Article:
Pulse Propagation

The pulse structure is conveniently represented as

Each component frequency of the pulse yields a wave which
propagates *independently* along the -axis, in a manner specified by the
appropriate WKB solution [see Eqs. (569)-(570)]. Thus, if Eq. (622)
specifies the signal at the antenna (*i.e.*, at
), then the signal at coordinate (where
)
is given by

(624) |

Equation (623) can be regarded as a contour integral in -space.
The quantity is a relatively slowly varying function of
, whereas the phase, , is a large and rapidly varying
function of .
The rapid
oscillations of
over most of the path of
integration ensure that the integrand averages almost to zero. However,
this cancellation argument does not apply to places on the
integration path where the phase
is *stationary*: *i.e.*,
places where has an extremum. The integral can, therefore, be
estimated by finding those points where has a vanishing derivative,
evaluating (approximately) the integral in the neighbourhood of each of
these points, and summing the contributions. This procedure is called
the *method of stationary phase*.

Suppose that has a vanishing first derivative
at
. In the neighbourhood of this point,
can be expanded as a Taylor series,

(625) |

(626) |

(627) |

(628) |

(629) |

If there is more than one point of stationary phase in the range of integration then the integral is approximated as a sum of terms like the above.

Integrals of the form (623) can be calculated exactly using the
*method of steepest decent*.^{} The stationary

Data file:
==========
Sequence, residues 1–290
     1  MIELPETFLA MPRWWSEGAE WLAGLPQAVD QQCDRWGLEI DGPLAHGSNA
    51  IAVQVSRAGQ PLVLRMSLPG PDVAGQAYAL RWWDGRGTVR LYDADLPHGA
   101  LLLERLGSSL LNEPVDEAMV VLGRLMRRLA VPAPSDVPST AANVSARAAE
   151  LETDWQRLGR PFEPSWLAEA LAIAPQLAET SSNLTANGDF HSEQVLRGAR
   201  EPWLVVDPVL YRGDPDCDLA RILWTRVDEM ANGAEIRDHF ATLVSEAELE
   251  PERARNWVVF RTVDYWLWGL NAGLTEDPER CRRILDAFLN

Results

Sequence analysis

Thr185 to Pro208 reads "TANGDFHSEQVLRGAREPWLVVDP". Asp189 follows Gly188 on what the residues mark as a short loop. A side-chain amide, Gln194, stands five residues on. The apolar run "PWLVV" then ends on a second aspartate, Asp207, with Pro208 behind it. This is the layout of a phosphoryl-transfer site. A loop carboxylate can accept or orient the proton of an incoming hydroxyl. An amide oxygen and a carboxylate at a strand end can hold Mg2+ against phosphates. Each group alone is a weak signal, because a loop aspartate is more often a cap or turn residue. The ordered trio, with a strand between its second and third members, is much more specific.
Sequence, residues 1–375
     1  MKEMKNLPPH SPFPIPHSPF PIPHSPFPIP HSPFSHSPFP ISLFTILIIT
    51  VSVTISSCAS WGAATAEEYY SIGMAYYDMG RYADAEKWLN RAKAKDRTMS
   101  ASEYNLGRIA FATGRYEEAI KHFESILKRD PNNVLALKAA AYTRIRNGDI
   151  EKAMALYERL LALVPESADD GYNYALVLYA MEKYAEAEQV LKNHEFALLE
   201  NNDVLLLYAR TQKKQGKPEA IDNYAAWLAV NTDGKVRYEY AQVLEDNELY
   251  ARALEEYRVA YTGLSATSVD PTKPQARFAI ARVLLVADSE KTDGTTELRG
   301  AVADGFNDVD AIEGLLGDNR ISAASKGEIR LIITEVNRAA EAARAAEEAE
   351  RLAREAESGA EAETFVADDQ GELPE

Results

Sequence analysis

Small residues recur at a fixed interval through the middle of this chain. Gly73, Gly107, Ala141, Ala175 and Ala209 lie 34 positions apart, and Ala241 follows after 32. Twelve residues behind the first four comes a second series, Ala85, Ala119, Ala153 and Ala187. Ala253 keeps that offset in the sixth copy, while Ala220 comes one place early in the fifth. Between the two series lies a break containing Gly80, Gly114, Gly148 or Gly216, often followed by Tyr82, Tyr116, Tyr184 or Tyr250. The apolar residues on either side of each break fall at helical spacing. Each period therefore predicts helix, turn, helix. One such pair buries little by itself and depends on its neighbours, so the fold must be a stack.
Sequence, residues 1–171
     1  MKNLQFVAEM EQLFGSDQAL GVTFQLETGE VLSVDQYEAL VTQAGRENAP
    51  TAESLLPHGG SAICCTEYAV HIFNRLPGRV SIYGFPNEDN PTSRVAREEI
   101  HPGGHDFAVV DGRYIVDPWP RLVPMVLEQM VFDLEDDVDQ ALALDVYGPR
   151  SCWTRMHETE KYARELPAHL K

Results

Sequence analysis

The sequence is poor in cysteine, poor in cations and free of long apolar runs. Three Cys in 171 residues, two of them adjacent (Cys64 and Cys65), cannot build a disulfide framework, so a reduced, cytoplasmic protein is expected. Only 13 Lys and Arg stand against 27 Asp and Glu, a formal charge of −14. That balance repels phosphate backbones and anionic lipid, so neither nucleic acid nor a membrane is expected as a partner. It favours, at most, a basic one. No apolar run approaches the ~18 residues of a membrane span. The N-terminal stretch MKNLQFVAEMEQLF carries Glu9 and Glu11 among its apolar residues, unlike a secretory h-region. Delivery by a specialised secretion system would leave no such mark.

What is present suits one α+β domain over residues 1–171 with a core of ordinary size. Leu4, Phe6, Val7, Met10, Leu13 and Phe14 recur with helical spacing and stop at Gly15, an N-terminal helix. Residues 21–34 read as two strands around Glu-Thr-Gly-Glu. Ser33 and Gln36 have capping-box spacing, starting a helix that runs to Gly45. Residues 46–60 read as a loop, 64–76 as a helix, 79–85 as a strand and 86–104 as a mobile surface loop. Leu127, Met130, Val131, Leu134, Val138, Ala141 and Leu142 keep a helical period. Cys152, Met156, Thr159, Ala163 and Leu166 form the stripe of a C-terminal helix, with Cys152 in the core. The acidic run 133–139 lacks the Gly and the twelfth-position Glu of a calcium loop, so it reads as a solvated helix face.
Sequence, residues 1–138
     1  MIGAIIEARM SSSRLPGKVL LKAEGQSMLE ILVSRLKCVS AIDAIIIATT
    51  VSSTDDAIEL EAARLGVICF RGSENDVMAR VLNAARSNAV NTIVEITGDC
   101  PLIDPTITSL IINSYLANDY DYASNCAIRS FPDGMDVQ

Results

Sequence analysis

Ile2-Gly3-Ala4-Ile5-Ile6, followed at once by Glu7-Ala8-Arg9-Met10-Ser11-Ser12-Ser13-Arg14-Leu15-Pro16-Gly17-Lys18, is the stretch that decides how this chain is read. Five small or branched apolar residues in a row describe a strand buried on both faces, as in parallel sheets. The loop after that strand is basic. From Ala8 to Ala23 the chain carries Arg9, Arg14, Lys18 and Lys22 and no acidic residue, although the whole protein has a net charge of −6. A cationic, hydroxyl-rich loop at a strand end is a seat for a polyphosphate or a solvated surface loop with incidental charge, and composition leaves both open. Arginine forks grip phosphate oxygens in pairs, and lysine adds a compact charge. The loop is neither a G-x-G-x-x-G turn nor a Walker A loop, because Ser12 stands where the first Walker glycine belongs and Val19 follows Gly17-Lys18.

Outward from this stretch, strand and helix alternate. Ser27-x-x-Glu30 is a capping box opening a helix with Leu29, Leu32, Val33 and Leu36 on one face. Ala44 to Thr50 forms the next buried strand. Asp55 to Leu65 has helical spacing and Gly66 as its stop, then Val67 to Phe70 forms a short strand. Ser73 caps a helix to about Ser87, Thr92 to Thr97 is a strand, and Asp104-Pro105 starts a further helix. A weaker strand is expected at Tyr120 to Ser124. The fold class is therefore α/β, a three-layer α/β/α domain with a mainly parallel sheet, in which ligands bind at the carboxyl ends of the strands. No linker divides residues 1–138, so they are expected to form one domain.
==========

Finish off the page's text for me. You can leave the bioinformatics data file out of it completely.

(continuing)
phase approximation (630) agrees with the leading term of the
method of steepest decent (which is far more difficult to implement
than the method of stationary phase) provided that is
real (*i.e.*, provided that
the stationary point lies on the real axis). If is complex, however, the stationary phase
method can yield erroneous results.

It follows, from the above discussion,
that the right-hand side of Eq. (623) averages to a very small
value, expect
for those special values of and at which one of the points of stationary
phase in -space coincides with one of the peaks of . The
locus of these special values of and can obviously be regarded as the
equation of motion of the pulse as it propagates along the -axis. Thus, the equation of motion is
specified by

(631) |

Suppose that the -velocity of a pulse of central frequency
at coordinate is given by
. The differential
equation of motion of the pulse is then . This can be integrated,
using the boundary condition at , to give the full equation
of motion:

The velocity is usually called the

The dispersion relation for an electromagnetic plasma wave propagating
through an unmagnetized plasma is

(636) |

(637) |

(638) |

Although we have only analyzed the motion of the pulse as it travels from the antenna to the reflection point, it is easily demonstrated that the speed of the reflected pulse at position is the same as that of the incident pulse. In other words, the group velocities of pulses traveling in opposite directions are of equal magnitude.